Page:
Advertisement
YOU ARE HERE: LAT HomeCollections

Cold War's cultural front

The Dancer Defects The Struggle for Cultural Supremacy During the Cold War David Caute Oxford University Press: 788 pp., $39.95

August 22, 2004|Michael Scammell | Michael Scammell is the author of "Solzhenitsyn: A Biography." His authorized biography, "Cosmic Reporter: The Life and Times of Arthur Koestler," is set to be published next year.

No feature of modern times has attracted more attention from historians and political analysts than the Cold War. Lasting for more than 40 years, from the end of World War II to the fall of communism in Russia and Eastern Europe, the Cold War was an entirely new phenomenon -- not a war at all in the accepted sense of the word but an uneasy peace, during which two superpowers, the United States and the Soviet Union, built up their economies, armed themselves to the teeth and entered into a worldwide competition for power and influence. True, there were local skirmishes, economic blockades, even regional wars by proxy, but fortunately for humankind the two sides never went head to head, though they came close in the Cuban missile crisis. Many factors have been put forward to explain the victory of the West and the defeat of communism. One was the evident military superiority of the West, another the economic strength of capitalism vis-a-vis its communist rival, a third the determination and staying power of the West's leaders.

David Caute, in "The Dancer Defects: The Struggle for Cultural Supremacy During the Cold War," advances a fourth compelling reason. The "mortal stroke" that buried Soviet Communism, he writes, "was arguably moral, intellectual and cultural, as well as economic and technological." Caute points out that the ideological struggle between the two systems was global in scale and without historical precedent. All earlier conflicts in human history had ended with armed conquest. It was only after the world experienced "total physical war" between 1939 and 1945 that "total ideological and cultural war" broke out, and this was possible due to the emergence for the first time in history of mass media on a truly global scale. Globalization, in Caute's reading, is not a recent development but has been with us for more than half a century.

Caute's massive history of the cultural cold war covers multiple fields of endeavor: display arts (architecture and "national achievement exhibitions"), fine arts (painting, sculpture, poster art), the performing arts (theater, cinema, ballet) and music. Conspicuously missing from this list is literature, but never fear: The indefatigable author of these 788 pages assures the reader that he will devote a separate volume to literature, literary criticism, political theory and historiography (a rather odd mixture on the face of it, for the latter pair of subjects would seem to lead away from the arts and in quite a different direction).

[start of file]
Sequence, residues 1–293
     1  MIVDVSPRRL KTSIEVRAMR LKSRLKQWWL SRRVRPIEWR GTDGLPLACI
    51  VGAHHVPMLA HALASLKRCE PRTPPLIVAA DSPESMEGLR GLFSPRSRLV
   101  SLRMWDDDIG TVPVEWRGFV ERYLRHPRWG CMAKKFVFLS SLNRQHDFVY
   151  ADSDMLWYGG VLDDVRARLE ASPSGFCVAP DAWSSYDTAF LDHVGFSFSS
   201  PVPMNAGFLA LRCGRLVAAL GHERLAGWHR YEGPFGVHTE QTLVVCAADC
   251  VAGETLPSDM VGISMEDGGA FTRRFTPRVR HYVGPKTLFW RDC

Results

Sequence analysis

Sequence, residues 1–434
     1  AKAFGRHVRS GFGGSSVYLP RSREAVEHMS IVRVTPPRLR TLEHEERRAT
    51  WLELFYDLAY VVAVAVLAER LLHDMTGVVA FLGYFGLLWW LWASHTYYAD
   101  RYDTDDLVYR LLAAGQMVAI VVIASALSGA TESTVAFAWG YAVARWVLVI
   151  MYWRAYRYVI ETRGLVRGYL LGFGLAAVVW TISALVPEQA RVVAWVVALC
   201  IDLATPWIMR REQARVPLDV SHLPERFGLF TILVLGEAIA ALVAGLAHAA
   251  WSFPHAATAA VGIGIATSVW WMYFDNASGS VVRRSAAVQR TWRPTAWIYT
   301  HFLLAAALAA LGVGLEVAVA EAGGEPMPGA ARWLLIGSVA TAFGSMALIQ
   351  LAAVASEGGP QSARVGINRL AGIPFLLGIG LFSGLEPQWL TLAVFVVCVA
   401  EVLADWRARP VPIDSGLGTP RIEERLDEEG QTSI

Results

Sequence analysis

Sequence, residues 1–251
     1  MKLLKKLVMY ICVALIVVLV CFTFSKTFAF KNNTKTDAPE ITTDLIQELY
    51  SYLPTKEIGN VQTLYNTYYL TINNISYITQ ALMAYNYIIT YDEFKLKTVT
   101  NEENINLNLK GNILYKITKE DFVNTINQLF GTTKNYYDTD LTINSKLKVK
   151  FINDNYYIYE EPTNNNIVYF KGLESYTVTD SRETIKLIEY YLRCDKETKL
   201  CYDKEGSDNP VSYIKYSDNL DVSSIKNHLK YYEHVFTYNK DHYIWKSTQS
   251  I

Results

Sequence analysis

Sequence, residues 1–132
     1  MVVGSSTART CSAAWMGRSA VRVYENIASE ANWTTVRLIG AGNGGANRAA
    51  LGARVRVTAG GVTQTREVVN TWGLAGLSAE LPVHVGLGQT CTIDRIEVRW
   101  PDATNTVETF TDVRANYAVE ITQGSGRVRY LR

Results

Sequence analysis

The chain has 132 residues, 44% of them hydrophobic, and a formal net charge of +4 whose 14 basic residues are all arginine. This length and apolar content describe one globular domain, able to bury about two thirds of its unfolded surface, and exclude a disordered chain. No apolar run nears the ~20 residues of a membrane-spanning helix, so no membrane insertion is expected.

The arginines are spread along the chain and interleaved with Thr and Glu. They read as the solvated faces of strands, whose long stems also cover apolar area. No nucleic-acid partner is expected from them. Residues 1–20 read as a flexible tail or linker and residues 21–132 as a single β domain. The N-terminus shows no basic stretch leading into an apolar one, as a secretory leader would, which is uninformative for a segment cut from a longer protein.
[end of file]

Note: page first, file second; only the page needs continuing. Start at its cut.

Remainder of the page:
"The Dancer Defects" is ambitious enough: Caute, the distinguished British social and political historian and critic, tirelessly documents just about every significant shot fired in the cultural cold war, starting with the radio programs, theatrical productions and art exhibitions that sprouted in the rubble of a war-torn and still exhausted Berlin as early as 1946, and ending with the prolonged struggle of dissident artists to show their work in Soviet Russia before many emigrated or defected to the West in the 1970s and 1980s. In between, Caute covers every conceivable subject relevant to his theme: cultural treaties, exhibitions, Broadway, Soviet theater, Hollywood and McCarthyism, Soviet cinema and Stalinist censorship, the "classical music wars" and jazz behind the Iron Curtain. He also finds room for director Andrzej Wajda and the Polish cinema, for Picasso and the flirtation of French artists with communism, and not least for the "ballet wars" and the notorious defections of Russian dancers that provide the author with his title.

So many are the subjects and so vast is Caute's canvas that one might well expect such a compendium to devolve into lists, but Caute avoids that trap by keeping his chronological narrative to a minimum and singling out symbolically important and representative events (or works) for more detailed discussion. Thus we get an extended account of the technological rivalry sparked by the space race of the late 1950s and 1960s and descriptions of the huge cultural and scientific exhibitions mounted on each other's soil by Russia and America, along with Soviet views of Broadway and American views of the Soviet theater. A discussion of the Red menace as seen through Hollywood eyes is balanced by a detailed examination of a widely produced anti-American play by the Soviet author Konstantin Simonov, and so on.

Advertisement
Los Angeles Times Articles
|
|
|